Review: Kripal, Esalen
Situated along the picturesque coastline of Big Sur California, the Esalen institute has long been a world leader in alternative and experiential education—on the cutting edge of everything from Zen to hallucinogenics. Attracting such luminaries as Henry Miller, Joseph Campbell, Aldous Huxley, Jack Kerouac, Allen Ginsberg, and Hunter S. Thompson, the institute has had a profound influence on the American counterculture ever since it was first conceived by maverick intellectuals Michael Murphy and Richard Price in the early ’60s.
Forthcoming from author Jeffery Kripal, Esalen: America and the Religion of No Religion is a highly readable and entertaining account of the institute and the unique synthesis of religion, science, and philosophy envisioned by its leaders. Here’s an excerpt from an advance review in last month’s Publishers Weekly to whet your appetite for Kripal’s revealing new look at one of the most important hothouses of America’s counterculture:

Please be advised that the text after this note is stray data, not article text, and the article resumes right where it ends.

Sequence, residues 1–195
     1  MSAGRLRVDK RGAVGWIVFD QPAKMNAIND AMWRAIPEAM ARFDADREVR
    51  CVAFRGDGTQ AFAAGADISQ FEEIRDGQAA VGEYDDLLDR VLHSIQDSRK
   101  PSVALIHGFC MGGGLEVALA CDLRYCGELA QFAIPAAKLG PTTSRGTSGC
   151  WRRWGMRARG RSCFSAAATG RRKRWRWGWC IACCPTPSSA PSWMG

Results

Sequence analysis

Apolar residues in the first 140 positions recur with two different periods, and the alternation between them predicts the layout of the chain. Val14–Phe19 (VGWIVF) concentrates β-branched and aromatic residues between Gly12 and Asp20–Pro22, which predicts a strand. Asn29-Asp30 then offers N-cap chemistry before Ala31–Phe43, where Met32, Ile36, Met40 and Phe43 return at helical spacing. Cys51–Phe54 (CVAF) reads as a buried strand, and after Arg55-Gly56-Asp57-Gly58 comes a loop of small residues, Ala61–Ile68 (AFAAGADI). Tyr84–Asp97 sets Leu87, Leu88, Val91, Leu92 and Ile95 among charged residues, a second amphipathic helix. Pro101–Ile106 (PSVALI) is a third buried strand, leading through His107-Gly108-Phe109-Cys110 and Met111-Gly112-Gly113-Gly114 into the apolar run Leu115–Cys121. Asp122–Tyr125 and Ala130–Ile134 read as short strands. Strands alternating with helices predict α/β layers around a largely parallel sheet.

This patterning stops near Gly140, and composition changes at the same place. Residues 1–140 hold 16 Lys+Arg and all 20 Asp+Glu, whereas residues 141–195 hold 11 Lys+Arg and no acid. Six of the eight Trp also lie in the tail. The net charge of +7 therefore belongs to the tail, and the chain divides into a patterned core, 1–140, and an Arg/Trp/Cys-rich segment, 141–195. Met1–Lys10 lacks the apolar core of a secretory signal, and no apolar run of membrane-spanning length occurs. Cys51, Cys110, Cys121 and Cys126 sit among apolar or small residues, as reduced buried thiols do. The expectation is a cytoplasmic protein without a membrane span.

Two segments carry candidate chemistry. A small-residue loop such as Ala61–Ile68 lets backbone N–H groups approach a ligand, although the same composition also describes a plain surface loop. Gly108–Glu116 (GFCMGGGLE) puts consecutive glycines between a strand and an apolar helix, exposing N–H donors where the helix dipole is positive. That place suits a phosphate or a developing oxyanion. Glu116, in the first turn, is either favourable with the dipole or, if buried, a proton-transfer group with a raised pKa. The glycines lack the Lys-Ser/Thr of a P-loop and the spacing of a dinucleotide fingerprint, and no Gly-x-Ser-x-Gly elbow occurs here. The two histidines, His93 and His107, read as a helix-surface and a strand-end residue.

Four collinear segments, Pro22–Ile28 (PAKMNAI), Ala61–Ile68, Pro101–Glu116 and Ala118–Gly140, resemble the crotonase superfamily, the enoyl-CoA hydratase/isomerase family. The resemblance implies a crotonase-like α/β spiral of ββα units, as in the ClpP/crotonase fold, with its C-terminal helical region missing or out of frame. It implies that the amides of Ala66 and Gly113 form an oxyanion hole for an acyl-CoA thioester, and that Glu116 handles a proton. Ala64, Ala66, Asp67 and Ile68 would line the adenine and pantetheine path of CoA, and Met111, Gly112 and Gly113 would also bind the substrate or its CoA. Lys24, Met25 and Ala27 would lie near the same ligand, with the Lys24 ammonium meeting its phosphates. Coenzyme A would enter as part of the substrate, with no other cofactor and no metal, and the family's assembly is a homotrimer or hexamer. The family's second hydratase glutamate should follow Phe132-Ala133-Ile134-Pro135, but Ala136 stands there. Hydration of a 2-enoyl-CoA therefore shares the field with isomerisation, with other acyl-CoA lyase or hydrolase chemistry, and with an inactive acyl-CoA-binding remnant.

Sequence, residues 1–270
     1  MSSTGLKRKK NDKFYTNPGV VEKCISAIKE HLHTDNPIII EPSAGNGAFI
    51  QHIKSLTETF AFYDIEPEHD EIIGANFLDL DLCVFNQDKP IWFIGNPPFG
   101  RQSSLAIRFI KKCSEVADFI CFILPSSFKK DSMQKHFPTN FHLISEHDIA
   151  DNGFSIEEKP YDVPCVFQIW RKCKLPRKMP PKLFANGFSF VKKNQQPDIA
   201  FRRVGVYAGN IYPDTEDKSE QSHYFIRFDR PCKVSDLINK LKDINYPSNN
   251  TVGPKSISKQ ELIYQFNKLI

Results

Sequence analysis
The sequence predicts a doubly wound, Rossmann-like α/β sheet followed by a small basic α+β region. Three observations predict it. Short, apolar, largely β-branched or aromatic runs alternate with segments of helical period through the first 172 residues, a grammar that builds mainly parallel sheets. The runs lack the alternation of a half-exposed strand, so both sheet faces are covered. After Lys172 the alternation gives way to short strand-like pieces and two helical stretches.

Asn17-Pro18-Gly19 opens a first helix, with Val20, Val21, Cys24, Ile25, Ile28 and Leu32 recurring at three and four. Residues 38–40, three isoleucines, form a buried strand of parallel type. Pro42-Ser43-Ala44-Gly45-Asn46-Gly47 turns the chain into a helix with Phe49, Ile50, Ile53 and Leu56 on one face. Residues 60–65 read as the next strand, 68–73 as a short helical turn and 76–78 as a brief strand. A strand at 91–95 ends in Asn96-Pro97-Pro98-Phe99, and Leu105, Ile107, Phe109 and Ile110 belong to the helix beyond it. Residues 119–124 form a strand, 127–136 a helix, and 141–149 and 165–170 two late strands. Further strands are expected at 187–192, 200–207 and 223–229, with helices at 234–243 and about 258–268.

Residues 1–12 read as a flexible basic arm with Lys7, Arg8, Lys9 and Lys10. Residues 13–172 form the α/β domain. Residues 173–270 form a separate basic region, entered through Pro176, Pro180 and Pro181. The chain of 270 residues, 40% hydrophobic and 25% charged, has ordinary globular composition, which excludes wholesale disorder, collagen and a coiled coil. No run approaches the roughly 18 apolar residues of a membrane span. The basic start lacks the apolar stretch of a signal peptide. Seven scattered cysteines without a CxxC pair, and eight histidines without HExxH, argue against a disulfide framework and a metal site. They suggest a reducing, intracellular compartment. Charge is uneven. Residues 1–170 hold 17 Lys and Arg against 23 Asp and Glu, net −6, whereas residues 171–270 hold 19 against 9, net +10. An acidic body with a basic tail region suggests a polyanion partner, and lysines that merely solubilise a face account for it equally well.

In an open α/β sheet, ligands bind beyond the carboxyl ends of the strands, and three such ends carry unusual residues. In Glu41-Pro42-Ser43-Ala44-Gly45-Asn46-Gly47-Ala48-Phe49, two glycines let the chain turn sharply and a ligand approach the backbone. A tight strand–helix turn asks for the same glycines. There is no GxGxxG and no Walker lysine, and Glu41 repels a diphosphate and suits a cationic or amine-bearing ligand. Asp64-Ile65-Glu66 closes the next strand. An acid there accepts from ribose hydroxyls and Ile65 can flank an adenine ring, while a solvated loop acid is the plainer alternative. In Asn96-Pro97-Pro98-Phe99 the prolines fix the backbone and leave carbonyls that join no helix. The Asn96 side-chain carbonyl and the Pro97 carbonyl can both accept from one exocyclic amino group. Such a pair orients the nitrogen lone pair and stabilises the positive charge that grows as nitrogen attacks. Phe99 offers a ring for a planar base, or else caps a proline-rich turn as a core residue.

Many readers will probably not have heard of Esalen—but that doesn’t mean they wont find its history fascinating. Kripal, a professor of religious studies at Rice University, tells the story of this beautiful retreat in California’s Big Sur region—its history at once sexy, salacious, intellectual, and political—with reverence and playfulness, alternating between the hushed tones of awe and the glee in partaking in Esalen’s infamous sinful delights.… Kripal jumps among a wide range of historical moments, from Esalen’s alleged relationship to the collapse of the Soviet Union to the idea of the disembodied erotic. Readers shouldn’t be scared off by the book’s heft. Kripal is an engaging storyteller, Esalen a worthy subject (a kind of US Weekly for the discerning intellectual), and it’s as easy to jump from the introduction to chapter 14 as it is to continue in order.